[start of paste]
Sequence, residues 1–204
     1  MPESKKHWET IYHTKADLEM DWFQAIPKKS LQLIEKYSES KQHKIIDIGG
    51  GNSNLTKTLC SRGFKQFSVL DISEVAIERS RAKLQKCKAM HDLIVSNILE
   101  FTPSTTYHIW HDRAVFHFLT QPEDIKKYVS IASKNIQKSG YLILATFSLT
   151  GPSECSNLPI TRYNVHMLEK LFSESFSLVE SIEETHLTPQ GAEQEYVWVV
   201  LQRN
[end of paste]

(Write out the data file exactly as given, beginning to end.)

Sequence, residues 1–204
     1  MPESKKHWET IYHTKADLEM DWFQAIPKKS LQLIEKYSES KQHKIIDIGG
    51  GNSNLTKTLC SRGFKQFSVL DISEVAIERS RAKLQKCKAM HDLIVSNILE
   101  FTPSTTYHIW HDRAVFHFLT QPEDIKKYVS IASKNIQKSG YLILATFSLT
   151  GPSECSNLPI TRYNVHMLEK LFSESFSLVE SIEETHLTPQ GAEQEYVWVV
   201  LQRN